388037 Bioengineering New Solutions for Pediatric Diseases: Platforms to Improve the Treatment of Brain Tumors and Juvenile Diabetes

Sunday, November 16, 2014
Galleria Exhibit Hall (Hilton Atlanta)
Omid Veiseh, Chemical Engineering, Massachusetts Institute of Technology, Cambridge, MA

Pediatric brain tumors and juvenile diabetes (Type I) represent two of the most devastating diseases afflicting children. While significant advances have been made to improve the survival rate of patients afflicted with both diseases these solutions are often at a cost to the overall quality of life for survivors. We foresee tremendous opportunity to utilize the latest advances in Biomedical and Chemical Engineering to develop new solutions that specifically address current challenges faced in the management of pediatric brain tumors and juvenile diabetes. 

The first part of my poster will describe the work completed during my Ph.D. at the University of Washington, which was aimed towards the development of multifunctional nanoparticles to aid in the diagnosis and treatment of medulloblastoma (MB) tumors, the most common form of brain tumor afflicting children. Currently, children afflicted with MB require aggressive neurosurgery and the success for tumor resection depends on the accuracy of tumor margin delineation, of which current techniques demonstrate variable success. Biological barriers continue to limit access of therapeutics and contrast agents to tumor cells. To overcome these limitations, we are developing tumor-specific, optical/MR imaging nanoparticles specifically engineered to transverse biological barriers and aid in the diagnosis, staging, resection of brain tumors, and delivery of therapeutics to brain tumors.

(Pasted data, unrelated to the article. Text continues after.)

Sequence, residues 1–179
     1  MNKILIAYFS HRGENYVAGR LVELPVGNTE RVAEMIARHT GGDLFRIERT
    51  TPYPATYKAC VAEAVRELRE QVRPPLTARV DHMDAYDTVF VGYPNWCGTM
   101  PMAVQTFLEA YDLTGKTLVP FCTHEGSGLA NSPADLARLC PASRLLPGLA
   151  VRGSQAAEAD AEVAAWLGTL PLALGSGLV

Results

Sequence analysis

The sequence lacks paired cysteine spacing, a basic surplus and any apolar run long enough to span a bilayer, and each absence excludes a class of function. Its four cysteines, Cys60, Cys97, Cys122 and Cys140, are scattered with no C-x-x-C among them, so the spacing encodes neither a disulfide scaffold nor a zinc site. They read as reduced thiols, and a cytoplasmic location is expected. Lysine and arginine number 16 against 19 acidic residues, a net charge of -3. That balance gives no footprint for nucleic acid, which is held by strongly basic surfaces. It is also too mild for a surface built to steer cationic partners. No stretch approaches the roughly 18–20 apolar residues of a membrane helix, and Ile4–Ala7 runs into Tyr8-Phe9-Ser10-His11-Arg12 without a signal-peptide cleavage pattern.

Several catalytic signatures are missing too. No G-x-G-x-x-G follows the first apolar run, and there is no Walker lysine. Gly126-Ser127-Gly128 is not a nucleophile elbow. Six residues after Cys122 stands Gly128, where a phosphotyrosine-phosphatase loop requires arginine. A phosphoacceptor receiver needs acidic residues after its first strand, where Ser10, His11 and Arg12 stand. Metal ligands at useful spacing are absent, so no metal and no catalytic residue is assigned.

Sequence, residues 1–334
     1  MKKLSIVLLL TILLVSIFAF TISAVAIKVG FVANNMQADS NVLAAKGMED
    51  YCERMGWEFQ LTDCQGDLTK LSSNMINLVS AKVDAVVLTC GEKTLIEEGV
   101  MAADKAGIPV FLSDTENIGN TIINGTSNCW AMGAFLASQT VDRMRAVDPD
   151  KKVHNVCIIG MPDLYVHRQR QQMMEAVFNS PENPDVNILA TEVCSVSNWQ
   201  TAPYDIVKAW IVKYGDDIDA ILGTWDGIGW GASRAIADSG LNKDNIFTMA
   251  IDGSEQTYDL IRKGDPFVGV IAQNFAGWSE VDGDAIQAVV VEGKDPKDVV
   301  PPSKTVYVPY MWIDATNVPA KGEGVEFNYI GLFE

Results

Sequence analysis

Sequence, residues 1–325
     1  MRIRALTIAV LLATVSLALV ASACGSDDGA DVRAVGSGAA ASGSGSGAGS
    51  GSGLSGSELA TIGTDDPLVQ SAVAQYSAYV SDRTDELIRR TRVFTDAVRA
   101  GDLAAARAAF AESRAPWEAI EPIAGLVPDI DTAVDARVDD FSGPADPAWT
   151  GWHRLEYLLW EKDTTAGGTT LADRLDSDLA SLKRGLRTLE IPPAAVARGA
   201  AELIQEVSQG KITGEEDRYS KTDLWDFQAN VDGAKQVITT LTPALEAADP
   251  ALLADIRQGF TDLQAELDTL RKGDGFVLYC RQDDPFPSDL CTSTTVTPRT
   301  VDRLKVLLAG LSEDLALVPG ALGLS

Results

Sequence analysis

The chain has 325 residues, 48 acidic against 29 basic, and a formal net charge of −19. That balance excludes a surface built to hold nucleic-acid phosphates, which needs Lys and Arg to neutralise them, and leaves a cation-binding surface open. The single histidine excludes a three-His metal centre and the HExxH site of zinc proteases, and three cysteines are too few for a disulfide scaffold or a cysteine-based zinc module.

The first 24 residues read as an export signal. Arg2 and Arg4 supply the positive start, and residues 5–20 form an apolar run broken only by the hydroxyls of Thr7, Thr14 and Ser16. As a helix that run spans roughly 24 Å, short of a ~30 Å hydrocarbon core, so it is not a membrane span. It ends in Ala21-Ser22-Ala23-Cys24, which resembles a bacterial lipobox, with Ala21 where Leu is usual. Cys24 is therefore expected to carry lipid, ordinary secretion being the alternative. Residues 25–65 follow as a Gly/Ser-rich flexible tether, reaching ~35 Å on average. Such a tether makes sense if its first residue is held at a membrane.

The second part of my poster will focus my current postdoctoral research project in Professor Robert Langer’s lab at MIT aimed towards the engineering of a bioartifical pancreas. Type 1 diabetes accounts for 10% of all diabetes cases, is typified by a complete deficiency of insulin production, and stems from an autoimmune response in affected individuals that leads to the T-cell mediated destruction of insulin producing β-cells localized in the pancreas. Exogenous cell therapy, in the form of islet transplantation has been intensely investigated as a method to restore glycemic control. However, due to host rejection of transplanted cells and the lack of suitable encapsulation materials or specific immunosuppressive therapies it’s widespread clinical application has been limited. Our efforts have been two fold and focused on both understanding the mechanism by which current encapsulation materials become rejected and innovating novel superbiocompatible materials that can mediate foreign body reactions and fibrosis. Significantly, we have developed a prototype device that is able to treat diabetic rodents for over 6 month.

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